Mr Giuliani said: “Iran is our biggest enemy, Iran is our fiercest enemy. It is the greatest danger to freedom in the world.

“Our long term danger is Iran.

Iran [is] a bigger threat than North Korea, it is expanding into an empire. North Korea is contained.

They have more technological capability and they have what is truly an insane regime.

“In North Korea, we’re not sure about Kim Jong-un and we do have the hope that China can contain him.”

Iran is our biggest enemy, Iran is our fiercest enemy. It is the greatest danger to freedom in the world” Rudy Giuliani

Tensions between the US and North Korea are at an all time high.

The secretive state has repeatedly threatened to blast the US with nuclear weapons, with supreme leader Kim even saying it would be a “piece of cake” to drop a nuke on the country.

But Mr Giuliani, who was Mayor of New York at the time of the September 11 terror attacks, warned the Iranian regime’s downfall can’t be brought about via military action.

He said it would happen through a civilian revolution within the Middle Eastern superpower, which the United States can only help bring about through economic sanctions.

“The [regime change] needs to happen from within. How did the regime change in the Soviet Union or Poland or in the Czech Republic? No army came in.

“The people finally rose up and they were just too much for the military to contain,” he explained.

His comments come as the PMOI again accused the international community of ignoring the global threat posed by Iran.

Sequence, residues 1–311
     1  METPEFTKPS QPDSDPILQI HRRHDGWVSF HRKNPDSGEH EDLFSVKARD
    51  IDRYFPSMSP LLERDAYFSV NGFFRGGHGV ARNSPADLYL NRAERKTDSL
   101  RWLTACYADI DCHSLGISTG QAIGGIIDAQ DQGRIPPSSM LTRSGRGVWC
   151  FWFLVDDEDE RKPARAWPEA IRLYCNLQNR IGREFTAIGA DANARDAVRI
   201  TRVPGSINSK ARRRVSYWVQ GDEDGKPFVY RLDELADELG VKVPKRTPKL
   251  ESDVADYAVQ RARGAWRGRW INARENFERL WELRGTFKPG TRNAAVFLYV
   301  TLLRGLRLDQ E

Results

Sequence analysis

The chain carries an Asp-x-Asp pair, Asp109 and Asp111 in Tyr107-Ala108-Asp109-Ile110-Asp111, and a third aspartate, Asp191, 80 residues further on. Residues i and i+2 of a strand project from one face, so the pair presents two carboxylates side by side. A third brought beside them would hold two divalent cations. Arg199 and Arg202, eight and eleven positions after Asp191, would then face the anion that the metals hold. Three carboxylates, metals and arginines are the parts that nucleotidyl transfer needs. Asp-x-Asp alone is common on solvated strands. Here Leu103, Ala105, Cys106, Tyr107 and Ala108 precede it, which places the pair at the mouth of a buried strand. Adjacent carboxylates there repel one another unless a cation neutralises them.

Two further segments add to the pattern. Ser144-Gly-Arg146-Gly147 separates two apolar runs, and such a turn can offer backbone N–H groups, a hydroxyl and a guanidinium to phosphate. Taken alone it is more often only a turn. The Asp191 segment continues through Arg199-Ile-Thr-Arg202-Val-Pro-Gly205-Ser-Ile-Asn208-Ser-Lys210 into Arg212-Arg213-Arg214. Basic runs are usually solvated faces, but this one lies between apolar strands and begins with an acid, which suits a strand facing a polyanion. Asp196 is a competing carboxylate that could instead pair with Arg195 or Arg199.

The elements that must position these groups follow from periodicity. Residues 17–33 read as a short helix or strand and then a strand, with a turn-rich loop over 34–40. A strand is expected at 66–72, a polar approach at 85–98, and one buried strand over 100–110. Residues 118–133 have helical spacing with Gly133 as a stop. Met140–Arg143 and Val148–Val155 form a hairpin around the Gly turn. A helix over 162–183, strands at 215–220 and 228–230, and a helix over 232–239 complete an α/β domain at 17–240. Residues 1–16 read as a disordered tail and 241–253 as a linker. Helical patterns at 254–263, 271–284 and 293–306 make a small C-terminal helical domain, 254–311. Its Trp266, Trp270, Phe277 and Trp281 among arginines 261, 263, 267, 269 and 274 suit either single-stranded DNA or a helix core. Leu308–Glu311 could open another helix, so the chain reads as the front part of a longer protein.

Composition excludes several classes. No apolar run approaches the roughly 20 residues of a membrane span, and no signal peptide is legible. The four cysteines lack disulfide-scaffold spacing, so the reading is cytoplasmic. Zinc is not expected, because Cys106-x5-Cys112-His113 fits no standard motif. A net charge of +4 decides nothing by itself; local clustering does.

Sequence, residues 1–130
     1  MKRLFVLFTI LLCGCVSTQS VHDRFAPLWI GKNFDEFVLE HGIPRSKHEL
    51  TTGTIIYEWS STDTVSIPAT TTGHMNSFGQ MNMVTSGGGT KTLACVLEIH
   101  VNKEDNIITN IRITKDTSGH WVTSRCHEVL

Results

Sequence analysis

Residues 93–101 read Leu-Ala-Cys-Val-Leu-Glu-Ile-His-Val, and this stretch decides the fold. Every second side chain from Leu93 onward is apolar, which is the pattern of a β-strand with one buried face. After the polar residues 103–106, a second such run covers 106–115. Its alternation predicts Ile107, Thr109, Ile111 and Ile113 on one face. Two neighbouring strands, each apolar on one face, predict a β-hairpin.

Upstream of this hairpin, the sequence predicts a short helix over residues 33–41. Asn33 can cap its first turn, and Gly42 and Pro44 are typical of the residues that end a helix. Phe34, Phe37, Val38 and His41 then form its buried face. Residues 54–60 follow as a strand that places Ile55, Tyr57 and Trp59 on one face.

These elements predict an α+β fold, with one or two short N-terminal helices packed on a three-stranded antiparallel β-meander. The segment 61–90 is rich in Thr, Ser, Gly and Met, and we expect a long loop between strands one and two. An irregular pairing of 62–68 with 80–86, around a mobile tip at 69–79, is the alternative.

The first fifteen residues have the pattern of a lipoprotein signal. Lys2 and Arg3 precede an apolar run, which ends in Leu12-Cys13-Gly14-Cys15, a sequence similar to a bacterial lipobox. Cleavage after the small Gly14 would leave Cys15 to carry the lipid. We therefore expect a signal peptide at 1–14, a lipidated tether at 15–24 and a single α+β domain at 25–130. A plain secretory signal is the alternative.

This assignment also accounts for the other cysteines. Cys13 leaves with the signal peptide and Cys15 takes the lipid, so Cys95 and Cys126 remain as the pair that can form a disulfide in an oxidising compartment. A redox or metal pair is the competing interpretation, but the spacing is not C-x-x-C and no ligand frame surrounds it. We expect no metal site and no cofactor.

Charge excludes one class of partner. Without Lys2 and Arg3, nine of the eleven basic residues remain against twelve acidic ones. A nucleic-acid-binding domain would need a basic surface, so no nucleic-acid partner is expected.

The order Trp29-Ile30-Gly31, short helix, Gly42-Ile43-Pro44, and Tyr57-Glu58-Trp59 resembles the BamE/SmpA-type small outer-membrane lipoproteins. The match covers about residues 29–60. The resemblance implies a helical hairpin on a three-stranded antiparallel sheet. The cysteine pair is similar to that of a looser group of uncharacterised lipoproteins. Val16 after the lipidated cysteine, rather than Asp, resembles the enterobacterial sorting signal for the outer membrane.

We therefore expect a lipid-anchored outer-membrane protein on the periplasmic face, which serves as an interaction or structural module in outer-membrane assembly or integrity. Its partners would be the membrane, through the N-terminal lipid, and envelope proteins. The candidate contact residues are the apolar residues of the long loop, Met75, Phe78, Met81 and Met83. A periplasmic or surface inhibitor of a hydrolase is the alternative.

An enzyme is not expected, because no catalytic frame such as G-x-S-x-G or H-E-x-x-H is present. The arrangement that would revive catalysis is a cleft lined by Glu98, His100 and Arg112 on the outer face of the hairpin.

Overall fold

Last year, Europe and the United States, under President Barack Obama, lifted sanctions – including oil and financial penalties – placed on the country over its expanding nuclear programme.

They also unfroze approximately $100billion of its assets after inspectors said crucial parts of its nuclear capabilities had been dismantled – something the PMOI claims is a lie.

Urging the reintroduction of sanctions, Mr Giuliani said the US has the power to tighten the noose around the regime.

He said that because three-quarters of substantial global trade is done via American banks, Iran could be squeezed financially to such an extent it would spark major unrest in the country.

The First Nuclear War (Revelation 8)

‘Limited’ Nuclear Strikes Could Still Wreak Climate Havoc

Image: National Nuclear Security Administration Nevada Site Office Photo Library/Wikimedia Commons

George Dvorsky

With the Cold War a fading memory, some nuclear powers have adopted strategies allowing for limited nuclear strikes. But a disturbing new study shows that even small batches of nukes can have disastrous environmental consequences on a global scale.

In the 1980s, experts warned of a nuclear winter—a severe and protracted global cooling event triggered by an all-out nuclear war. A new study published in Environment Magazine warns that a scaled down version of a nuclear winter is still possible through the application of limited nuclear strikes, and that these so-called “nuclear autumns” could be caused by as few as five conventional nuclear bombs—and possibly even just one. The paper is a grim wakeup call for military planners who think small batches of nukes won’t result in severe environmental consequences.